There is so much about adoption that is hard.
It is hard to do the mountains of paperwork required to even begin.
It is hard to wait to see the face of your new child.
It is hard to think about worst-case scenarios about that child’s medical condition.
It is hard to wait to bring that child home.
It is hard to think about that child leaving everything he or she has ever known.
It is hard to travel to a different place, to be out of your comfort zone, and have your life turned upside down.
It is hard to watch your new child be scared of you. Or grieve. Or reject you. Or be so afraid that they won’t let you go even if you need to go to the bathroom.
It is hard not to be able to communicate with your new child.
It is hard to fly for 14 hours with a new and grieving child.
It is hard to experience jet lag.
It is hard to experience jet lag while your new child is experiencing jet lag.
It is hard to help your grieving child adjust.
It is hard to help your grieving child adjust while helping your other children adjust as well.
It is hard to help all of your children adjust while you also adjust to this new family dynamic.
It is hard to schedule and go to all the necessary medical appointments.
It is hard to explain all these new and scary medical procedures to your child.
It is hard to tell your child she will have surgery.
It is hard to send your child into surgery.
It is hard to fall in love with your new child… sometimes.
It is hard to like your new child… sometimes.
It is hard to practice love the verb without having love the emotion.
It is hard to realize all that your new child missed.
It is hard to realize all that your new child missed and that the deficits could have lifelong implications.
It is hard to watch your child rage.
It is hard to feel helpless when your child is raging.
It is hard when your child weeps in your arms telling you he misses his birth mother and father.
It is hard to watch your child struggle.
It is hard to not have the answers your child so greatly desires.
It is hard.
If you are not an adoptive parent, you may look at that list and think: why would anyone voluntarily open themselves up to all of that? Why? Frankly, sometimes those of us in the trenches think that as well. Those are the hard days.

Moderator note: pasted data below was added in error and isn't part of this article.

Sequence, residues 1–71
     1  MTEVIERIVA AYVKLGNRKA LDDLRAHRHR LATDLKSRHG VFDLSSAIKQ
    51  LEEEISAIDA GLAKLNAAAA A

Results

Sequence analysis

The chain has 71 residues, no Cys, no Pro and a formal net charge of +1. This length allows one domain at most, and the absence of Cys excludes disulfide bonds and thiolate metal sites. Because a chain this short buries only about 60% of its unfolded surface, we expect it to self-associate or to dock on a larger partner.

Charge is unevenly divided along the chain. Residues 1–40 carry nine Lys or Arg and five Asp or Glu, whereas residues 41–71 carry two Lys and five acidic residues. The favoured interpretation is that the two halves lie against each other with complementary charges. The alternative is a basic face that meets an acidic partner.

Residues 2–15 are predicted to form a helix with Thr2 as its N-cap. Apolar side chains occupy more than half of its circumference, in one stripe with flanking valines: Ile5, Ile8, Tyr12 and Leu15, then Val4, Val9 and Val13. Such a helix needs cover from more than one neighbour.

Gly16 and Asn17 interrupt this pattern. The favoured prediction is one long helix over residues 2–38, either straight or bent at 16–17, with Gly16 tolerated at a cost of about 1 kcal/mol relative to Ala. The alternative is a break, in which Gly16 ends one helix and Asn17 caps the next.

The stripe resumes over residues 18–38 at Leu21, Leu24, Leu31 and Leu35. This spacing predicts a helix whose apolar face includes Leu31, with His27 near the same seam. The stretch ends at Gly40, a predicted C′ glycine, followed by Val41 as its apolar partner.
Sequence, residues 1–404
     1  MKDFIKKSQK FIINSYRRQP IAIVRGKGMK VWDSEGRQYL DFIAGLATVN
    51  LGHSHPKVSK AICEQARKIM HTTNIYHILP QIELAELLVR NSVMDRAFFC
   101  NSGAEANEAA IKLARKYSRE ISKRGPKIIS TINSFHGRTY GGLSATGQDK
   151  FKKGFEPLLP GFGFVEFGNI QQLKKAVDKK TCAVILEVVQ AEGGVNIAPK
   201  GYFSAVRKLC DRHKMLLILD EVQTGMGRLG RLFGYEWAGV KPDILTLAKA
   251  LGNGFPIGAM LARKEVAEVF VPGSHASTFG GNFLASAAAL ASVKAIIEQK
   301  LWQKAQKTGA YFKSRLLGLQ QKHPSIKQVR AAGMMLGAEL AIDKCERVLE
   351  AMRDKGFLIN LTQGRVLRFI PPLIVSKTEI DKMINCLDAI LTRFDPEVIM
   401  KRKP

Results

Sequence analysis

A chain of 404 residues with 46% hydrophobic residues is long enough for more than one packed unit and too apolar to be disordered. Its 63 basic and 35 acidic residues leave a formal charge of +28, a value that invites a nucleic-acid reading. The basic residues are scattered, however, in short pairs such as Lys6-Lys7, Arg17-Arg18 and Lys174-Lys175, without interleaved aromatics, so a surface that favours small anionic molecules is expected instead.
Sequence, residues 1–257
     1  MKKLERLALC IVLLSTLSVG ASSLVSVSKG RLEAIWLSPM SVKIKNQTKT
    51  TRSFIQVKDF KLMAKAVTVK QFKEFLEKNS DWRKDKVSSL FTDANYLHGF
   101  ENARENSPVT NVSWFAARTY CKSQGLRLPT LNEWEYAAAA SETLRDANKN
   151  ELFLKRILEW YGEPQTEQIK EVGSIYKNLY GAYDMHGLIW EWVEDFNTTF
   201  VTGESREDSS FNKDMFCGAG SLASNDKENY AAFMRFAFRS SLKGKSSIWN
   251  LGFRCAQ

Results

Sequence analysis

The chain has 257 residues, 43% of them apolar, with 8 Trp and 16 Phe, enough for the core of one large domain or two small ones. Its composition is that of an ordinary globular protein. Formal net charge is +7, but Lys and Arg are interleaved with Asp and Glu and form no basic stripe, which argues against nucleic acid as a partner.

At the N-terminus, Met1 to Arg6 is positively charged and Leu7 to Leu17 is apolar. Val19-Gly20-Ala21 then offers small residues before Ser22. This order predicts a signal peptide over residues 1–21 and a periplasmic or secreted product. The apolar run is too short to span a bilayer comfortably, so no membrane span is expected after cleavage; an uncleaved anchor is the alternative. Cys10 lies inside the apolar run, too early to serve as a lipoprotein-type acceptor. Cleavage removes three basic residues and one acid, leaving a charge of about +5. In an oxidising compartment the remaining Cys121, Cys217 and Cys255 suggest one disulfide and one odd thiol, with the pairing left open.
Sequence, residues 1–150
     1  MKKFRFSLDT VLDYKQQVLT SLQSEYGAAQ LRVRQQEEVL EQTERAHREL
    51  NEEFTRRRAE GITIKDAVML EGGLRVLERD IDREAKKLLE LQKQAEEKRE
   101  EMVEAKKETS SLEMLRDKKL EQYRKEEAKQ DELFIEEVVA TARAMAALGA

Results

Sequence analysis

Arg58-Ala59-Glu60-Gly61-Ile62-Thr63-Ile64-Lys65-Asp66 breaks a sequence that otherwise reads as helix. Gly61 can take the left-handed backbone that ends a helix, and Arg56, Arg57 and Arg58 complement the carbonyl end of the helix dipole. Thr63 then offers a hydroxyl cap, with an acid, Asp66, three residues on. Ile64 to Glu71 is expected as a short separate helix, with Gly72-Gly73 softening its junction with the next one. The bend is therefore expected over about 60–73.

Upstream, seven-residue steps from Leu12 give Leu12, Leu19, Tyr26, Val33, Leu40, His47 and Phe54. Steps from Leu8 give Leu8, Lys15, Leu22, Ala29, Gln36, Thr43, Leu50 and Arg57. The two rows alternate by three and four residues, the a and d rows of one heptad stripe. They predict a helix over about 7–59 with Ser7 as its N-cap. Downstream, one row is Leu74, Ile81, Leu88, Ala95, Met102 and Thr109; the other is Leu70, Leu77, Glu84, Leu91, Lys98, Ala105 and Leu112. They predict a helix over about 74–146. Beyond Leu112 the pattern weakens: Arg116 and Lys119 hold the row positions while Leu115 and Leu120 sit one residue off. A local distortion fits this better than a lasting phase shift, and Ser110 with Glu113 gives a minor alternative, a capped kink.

But there is another side to the hard.
It is joy to see your child’s first smile.
It is joy to be able to soothe his or her hurts.
It is joy to watch her accomplish something neither of you thought she’d be able to.
It is joy to notice he kept his temper in check when provoked.
It is joy to feel those flutterings of emotional love for the first time.
It is joy when everyone in the house is interacting as though they have always all been there.
It is joy to hear laughter from a child who never smiled.
It is joy to be able to reconnect old friends.
It is joy to see your child make new friends.
It is joy to receive a hug from a child who didn’t like you.
It is joy to be allowed to give a hug to a child who had been so hurt.
It is joy to watch bike riding and jumping and playing and eating and sleeping, because these are normal kid-things.
It is joy to see real emotion in a child who was always abnormally happy.
It is joy to have your child seek you out for comfort in a crowd of strangers.
Because there is so much hard, there is so much more joy. Joy in the small, normal, everyday, often unnoticed events of life. The hard means we take nothing for granted anymore. Everything becomes important, special, worthy of notice. The hard has taught us to appreciate the small stuff; to live in the moment. Yes, the hard is hard, but the joy is great.